and outcomes. Vector‐borne diseases are of greatest concern with regard to potential adverse
consequences of climate change. The transmission of these diseases is conceptually described by
the “epidemiological triangle” (Figure 3), which captures the interplay between the agent, the
environment, and the vector. Environmental conditions that promote or extend the geographic
range of the vector increase the potential for infection by the agent. In addition to potentially
affecting vector‐borne diseases, climate change may also extend or change the geographic regions
in which an infectious agent is present. Climate change may affect both endemic disease (i.e.,
disease generally occurring in a population), and epidemic disease (i.e., disease occurring in excess
of the usual background). Epidemiological aspects of major infectious diseases were recently
summarized by Nelson et al. (2007).
Mathematical models of infectious disease transmission provide quantitative insight into the
potential for climate change to increase rates of vector‐borne diseases. The transmission of
infectious diseases has been characterized by the basic reproductive rate (R0) which describes the
number of new cases of infection arising from one case in a population of susceptible persons
(Rogers and Randolph 2006). Values above unity imply the possibility of epidemic disease; a value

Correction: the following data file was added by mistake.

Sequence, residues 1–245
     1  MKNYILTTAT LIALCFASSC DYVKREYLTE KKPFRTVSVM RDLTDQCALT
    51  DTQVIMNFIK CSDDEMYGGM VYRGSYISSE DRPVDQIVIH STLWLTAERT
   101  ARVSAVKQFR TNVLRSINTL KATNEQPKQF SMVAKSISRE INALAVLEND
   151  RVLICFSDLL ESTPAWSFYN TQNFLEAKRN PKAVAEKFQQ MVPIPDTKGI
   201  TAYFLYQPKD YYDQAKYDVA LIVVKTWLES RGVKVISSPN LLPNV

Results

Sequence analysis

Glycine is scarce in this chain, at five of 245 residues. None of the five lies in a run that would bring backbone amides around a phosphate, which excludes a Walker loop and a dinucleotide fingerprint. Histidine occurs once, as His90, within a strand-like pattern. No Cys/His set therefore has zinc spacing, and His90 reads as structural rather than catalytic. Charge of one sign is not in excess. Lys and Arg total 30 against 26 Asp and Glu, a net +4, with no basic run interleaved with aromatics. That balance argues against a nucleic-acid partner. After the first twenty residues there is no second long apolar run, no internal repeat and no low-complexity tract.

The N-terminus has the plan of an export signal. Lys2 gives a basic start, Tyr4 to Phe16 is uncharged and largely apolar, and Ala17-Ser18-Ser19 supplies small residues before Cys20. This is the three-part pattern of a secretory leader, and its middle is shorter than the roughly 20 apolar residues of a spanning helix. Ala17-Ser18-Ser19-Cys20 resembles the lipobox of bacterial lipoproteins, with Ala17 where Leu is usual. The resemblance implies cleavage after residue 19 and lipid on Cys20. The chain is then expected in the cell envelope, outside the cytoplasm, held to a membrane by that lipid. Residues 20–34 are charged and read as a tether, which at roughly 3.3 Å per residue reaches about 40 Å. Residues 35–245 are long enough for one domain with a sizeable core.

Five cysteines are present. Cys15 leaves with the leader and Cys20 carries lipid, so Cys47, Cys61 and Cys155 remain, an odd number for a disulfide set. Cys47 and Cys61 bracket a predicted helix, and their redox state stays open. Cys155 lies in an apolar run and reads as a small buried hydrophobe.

of unity means that endemic disease will be maintained, and a value below unity means that the
disease will decline. Warming can increase R0 through its effect on vector numbers, transmission
probabilities, and biting rates (Rogers and Randolph 2006). The geographic spread of vectors may
also be affected by the extension of their ranges resulting from warmer conditions. A number of
vector‐borne diseases are considered to be potentially sensitive to climate change (Table 5; Haines
et al. 2006).
Figure 3. The Epidemiological Triangle
Table 5. Examples of Vector‐Borne Diseases Likely To Be Sensitive to Climate Change
Source: Haines et al. 2006.
Waterborne and airborne diseases may also be affected by climate change. For diseases
transmitted by water, warming may enlarge the geographic area in which conditions are suitable
for the survival of disease‐causing organisms and for propagation of infection (Colwell 1996; Lipp
et al. 2002). Colwell and colleagues have set out a schema by which global climate change alters
patterns of cholera infections (Colwell 1996). The occurrence of waterborne infections has also
been linked to extreme weather events (Charron et al. 2004). To date, little emphasis has been
given to the possible impact of climate change on airborne infections. Increased air conditioning
and more time spent indoors, because of warming, might affect patterns for diseases that are
transmitted in indoor environments by droplets or by contact.
The potential impact of climate change on infectious diseases has been addressed through